Archivists: Neutral or Active?
Archivists often talk about the function of archives in our society. But what do we mean, exactly? Has the meaning changed over time?
Some of this way of thinking comes from the archivist Hilary Jenkinson. In his writing for the field, he discussed public faith, which he defined as the relationship between archives and the society they serve and the idea of government conducting public affairs, documented in the records.
Archives function as repositories of history and memory, and as such they serve several functions, such as the preservation of collective national memory, the constitution of national identity, and the creation of social space.
Neutral Stewards of History
The traditional assumption is that archivists are neutral stewards of history. A stance of neutrality implies that archivists:
- Objectively develop policies considering institutional missions.
- Worry about the authenticity of records but not the truth of records.
- Make selection decisions based on the records and the context of their creation.
- Use standards for description that support access to materials.
- Create use policies that support equal access within institutional restrictions and the law.
The classic archival article, Terry Cook’s “What is Past is Prologue,” runs through a century of archival history and theory, connecting archival theory from all over the western world. His emphasis is that trends have moved from a product-focused activity to a process-oriented activity. I argue that the emphasis on process makes archivists active catalysts of history.
Archivists as Agents
One crucial point is the notion that archival theory is ever-changing because of the need to adapt to changes in recordkeeping and how organizations work. Cook outlines five themes.
The first is in changes in the reasons why archives exist. Cook refers to a shift from a juridico-administrative justification for archives to a socio-cultural argument for archives, grounded in broader public policy and use based on history and expectations.
He also notes changes in the archival approach to preserving authenticity. Archivists no longer depend on the chain of custody of documents—which certainly doesn’t work with electronic records—which entail problems regarding how they are created as evidence. Preservation shifts from the medium to the information and evidence-bearing context.
He points out the changes in the archival approach to appraisal. Cook discusses diplomatics, which focuses on document characteristics and how archivists have moved more towards documenting functions of records creation.
There are also changes in the emphasis on archival impartiality. Archivists are no longer passive keepers of documents. Instead archivists are active shapers. The role of archivists as agent, and the influence of that role, is more clearly recognized.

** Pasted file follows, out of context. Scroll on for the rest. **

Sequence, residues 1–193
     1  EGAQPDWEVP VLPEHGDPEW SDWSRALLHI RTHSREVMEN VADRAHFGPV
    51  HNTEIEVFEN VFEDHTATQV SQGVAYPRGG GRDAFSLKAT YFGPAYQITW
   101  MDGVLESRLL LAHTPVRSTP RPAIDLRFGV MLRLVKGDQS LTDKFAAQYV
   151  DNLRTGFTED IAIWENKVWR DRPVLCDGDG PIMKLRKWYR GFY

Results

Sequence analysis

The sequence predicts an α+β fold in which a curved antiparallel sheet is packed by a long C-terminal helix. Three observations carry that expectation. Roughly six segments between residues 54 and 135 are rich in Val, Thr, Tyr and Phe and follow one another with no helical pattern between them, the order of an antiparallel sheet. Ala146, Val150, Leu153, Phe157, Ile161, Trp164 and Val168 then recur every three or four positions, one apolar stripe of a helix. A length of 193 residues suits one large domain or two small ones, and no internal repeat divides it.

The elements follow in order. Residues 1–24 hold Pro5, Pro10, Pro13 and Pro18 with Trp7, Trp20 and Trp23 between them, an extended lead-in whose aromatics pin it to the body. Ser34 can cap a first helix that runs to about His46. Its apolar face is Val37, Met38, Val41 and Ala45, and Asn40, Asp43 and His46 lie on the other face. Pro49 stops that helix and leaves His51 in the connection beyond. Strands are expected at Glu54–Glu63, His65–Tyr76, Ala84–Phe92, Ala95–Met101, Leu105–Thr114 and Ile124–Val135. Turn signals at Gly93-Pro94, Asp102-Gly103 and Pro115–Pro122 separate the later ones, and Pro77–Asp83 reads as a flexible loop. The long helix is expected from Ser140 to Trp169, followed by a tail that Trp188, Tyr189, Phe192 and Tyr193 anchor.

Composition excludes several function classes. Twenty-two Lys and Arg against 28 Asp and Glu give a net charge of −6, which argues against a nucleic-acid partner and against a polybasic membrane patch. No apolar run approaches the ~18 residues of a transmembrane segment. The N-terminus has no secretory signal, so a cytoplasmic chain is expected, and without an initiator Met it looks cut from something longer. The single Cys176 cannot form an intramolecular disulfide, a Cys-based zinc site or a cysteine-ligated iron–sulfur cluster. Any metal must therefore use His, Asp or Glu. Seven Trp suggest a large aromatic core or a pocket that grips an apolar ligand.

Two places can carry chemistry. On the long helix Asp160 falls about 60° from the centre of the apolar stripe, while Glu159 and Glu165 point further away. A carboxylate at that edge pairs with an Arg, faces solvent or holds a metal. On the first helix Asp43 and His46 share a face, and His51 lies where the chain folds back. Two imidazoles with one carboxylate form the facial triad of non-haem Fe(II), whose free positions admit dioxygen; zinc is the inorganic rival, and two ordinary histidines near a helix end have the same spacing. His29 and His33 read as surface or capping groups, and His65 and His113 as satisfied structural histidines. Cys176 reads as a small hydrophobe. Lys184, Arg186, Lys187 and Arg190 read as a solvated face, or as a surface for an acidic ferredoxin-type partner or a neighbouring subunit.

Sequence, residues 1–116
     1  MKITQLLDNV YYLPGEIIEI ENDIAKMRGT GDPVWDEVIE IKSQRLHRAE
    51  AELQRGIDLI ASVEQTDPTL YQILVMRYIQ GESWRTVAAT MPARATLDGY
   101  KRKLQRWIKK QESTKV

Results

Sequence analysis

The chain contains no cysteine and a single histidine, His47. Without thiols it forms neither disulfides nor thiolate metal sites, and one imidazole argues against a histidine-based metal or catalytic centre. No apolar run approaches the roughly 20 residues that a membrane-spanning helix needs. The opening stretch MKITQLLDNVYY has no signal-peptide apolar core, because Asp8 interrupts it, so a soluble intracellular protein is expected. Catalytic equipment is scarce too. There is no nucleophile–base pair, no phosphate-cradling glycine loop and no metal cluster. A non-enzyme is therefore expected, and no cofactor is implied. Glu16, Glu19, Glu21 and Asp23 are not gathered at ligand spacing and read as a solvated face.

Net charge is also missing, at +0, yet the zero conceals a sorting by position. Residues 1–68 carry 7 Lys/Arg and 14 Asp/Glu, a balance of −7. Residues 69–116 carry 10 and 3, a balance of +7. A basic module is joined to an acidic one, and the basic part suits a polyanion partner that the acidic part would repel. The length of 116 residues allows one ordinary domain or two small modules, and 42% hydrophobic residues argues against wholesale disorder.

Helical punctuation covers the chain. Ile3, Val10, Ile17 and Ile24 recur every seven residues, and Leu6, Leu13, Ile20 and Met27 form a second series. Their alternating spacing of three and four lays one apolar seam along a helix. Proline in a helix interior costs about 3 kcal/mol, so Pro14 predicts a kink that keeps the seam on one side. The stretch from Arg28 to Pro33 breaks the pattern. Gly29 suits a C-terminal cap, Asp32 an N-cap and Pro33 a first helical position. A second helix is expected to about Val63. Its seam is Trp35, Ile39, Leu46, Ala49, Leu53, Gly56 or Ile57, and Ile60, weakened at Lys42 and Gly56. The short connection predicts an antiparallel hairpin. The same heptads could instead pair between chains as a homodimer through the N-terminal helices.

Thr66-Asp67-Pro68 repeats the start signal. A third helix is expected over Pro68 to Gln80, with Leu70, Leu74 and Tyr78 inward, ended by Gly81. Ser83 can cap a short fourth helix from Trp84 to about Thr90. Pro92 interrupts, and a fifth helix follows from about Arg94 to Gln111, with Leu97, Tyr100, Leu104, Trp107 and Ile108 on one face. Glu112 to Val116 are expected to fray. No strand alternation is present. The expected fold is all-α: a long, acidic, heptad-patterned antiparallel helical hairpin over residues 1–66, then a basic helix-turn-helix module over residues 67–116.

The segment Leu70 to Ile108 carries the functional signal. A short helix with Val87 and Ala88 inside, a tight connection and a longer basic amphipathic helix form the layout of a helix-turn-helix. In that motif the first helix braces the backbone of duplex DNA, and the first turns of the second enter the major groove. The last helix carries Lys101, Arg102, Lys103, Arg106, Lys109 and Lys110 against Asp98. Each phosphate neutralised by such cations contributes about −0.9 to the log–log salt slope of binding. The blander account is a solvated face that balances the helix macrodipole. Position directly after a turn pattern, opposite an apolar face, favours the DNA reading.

Lastly, Cook notes changes from archival theory as a set of immutable rules to a more evolving body of ideas. He refers to archival theory as a vibrant collage of overlapping layers, allowing for the existence of contradictory ideas.
Engaged and Active
Innovative ideas regarding appraisal, arrangement, and description have come to fruition during the many years since Cook’s article appeared. For example, archivists tend to appraise not so much based on bodies of material, but on the functions and roles of the record creators and the significance of those functions and roles. Archival descriptive systems attempt to mesh context and content. Most importantly, archival access is now understood as more than just finding aids, but also reference, outreach, education, and vigorously connecting with communities.
All these activities are an attempt to describe (in rich context) archival records in diverse media from a connected point-of-view. More importantly, the archival profession has realized that it must better document the diverse communities they serve. Doing so requires archivists to be more inclusive in their practices, engage others with cultural competency, and understand the broad information needs of contemporary archives users. Rather than seeing archival work as merely the neutral construction of product, archivists are actively processing history and preserving our collective memory.
Margot Note, archivist, consultant, and author is a guest blogger for Lucidea, provider of ArchivEra, archival collections management software for today’s challenges and tomorrow’s. Read more of Margot’s posts here, and get your free copy of Margot’s brand new book for Lucidea Press, Demystifying Archival Project Management: Five Essentials for Success!
Investing in Archival Digital Projects
Archival digital projects offer greater efficiency, opportunity costs, increased institutional prestige, build staff expertise, and improve morale.
Strategizing for Digitization Projects
Archivists strategize before a digitization project. Digitization requires a significant investment, and assessing costs and benefits is essential.
Reading Room Recommendations
An archives reading room should provide reader comfort with optimum security for historical materials.
Processing Room Recommendations
A processing room provides a separate workspace from storage areas where archivists examine, sort, arrange, describe, and rehouse archival materials.
Leave a Comment
Comments are reviewed and must adhere to our comments policy.